• Fences. Depending on the type of business you are in you may or may not want a fence around your business. We are in the building supply business and a lot of our products are stored outside so we have fences around all of our locations. If you are in a particularly bad part of town you may also want to put concertina wire or barbed wire on the top of the fence.
  • Dogs. If your business is fenced in, and is in a bad part of town, and you may also want to have a couple of security dogs if local laws allow this. Research has proven that one of the biggest fears of criminals is an attack dog. Again, if criminals are casing your business for a possible theft and see that there are two mean looking dogs roaming around your property at night I bet they move on.
  • Gate guards. For certain types of businesses such as lumberyards, plumbing wholesalers, electrical wholesalers, and similar businesses where there are a lot of customer pickups as well as deliveries on your own trucks, a gate guard can be a wise investment. Gate guards are an especially effective deterrent against truck drivers who are in collusion with a customer and load extra materials on the truck or hide things such as power tools under or behind truck seats. Being a gate guard is usually a great job for an elderly employee who doesn't want to have all of the stress and pressure of working behind the sales counter anymore. Experienced employees like these know what all of your products look like so they even stop a lot of legitimate mistakes from happening.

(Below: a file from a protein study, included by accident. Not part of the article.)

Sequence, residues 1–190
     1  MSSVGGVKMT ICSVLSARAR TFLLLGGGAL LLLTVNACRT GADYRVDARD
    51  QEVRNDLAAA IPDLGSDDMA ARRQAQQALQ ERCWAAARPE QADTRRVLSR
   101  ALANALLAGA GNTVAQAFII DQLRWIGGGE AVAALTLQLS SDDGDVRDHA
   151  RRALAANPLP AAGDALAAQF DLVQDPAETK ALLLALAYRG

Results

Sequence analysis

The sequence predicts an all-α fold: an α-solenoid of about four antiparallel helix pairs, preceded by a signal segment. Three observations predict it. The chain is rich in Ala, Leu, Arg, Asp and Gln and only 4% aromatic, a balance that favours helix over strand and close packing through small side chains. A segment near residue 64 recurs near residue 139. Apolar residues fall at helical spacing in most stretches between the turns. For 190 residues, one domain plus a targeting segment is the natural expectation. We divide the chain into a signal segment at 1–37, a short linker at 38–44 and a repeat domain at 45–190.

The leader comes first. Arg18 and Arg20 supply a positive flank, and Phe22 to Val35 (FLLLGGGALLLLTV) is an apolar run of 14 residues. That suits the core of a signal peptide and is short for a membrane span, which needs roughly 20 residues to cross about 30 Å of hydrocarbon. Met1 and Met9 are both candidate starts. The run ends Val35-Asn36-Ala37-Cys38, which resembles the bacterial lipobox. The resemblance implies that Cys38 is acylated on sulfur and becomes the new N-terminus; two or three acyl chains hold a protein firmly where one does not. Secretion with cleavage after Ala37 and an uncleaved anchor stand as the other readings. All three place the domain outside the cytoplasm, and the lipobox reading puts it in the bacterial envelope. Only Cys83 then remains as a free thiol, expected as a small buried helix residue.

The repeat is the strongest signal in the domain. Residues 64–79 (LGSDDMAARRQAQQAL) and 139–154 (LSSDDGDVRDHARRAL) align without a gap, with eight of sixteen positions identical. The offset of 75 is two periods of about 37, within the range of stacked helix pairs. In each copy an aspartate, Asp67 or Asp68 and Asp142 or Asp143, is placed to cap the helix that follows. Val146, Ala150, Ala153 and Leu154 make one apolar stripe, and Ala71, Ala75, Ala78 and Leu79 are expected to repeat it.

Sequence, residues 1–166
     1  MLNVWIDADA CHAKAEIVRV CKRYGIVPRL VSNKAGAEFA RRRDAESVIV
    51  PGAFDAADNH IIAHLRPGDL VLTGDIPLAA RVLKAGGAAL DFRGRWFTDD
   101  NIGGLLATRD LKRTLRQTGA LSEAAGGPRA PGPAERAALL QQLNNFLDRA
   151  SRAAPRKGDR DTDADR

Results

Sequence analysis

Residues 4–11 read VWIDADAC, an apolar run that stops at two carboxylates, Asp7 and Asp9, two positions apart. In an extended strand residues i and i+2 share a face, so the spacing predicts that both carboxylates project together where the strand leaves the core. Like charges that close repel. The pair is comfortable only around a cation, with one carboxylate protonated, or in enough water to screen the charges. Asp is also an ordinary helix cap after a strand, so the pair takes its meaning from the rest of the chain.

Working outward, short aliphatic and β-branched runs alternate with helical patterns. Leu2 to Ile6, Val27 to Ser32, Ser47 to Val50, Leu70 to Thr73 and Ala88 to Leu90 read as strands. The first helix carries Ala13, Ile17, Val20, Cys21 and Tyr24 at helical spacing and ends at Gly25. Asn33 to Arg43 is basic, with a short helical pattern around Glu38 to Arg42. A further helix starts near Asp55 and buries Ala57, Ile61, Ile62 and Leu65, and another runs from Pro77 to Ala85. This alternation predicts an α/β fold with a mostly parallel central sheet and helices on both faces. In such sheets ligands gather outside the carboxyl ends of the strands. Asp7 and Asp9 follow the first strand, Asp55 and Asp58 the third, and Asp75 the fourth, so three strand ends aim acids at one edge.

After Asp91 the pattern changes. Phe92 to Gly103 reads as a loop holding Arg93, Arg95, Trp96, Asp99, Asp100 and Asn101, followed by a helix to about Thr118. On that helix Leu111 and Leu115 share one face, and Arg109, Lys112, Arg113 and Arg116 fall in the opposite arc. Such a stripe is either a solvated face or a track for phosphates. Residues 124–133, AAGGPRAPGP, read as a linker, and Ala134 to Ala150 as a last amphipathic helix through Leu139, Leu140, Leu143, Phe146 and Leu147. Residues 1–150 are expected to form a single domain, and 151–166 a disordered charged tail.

• GPS systems in your trucks. If you have delivery trucks there are a lot of inexpensive GPS systems available that give you many benefits. Not only can you see the average speed for each truck but you can see if a driver is deviating from his appointed route to drop materials off to a customer with whom he is in collusion. You also can find your truck if it is stolen or if the driver decides to stop for a few beers instead of making a crucial delivery a customer is counting on.
  • Don't leave keys or gas cards in trucks at night. I learned both of these lessons the hard way. One of our drivers left the keys in one of our big trucks at the end of the day. During the night someone hopped our fence, used the truck mounted forklift to load the truck with materials, and barreled through our front gate. We got the truck back but had to pay for repairs to both the truck and the gate. After that we required that keys be locked in the branch each night but not gas cards. On another recent night someone jumped the fence again, broke into one of our locked trucks, stole the gas card from the glove box and bought gas for everyone he knew. We now lock the gas cards with the keys at night inside the branch.

What other things do you due to protect your physical premises? Comment below so other readers can benefit from your experience.
Jim Sobeck is president of New South Construction Supply, West Columbia, S.C. This article originally was posted on Sobeck's Biz 101 blog. Copyright 2011 by Jim Sobeck. All rights reserved. This information may be reproduced as long as full credit is given to the author.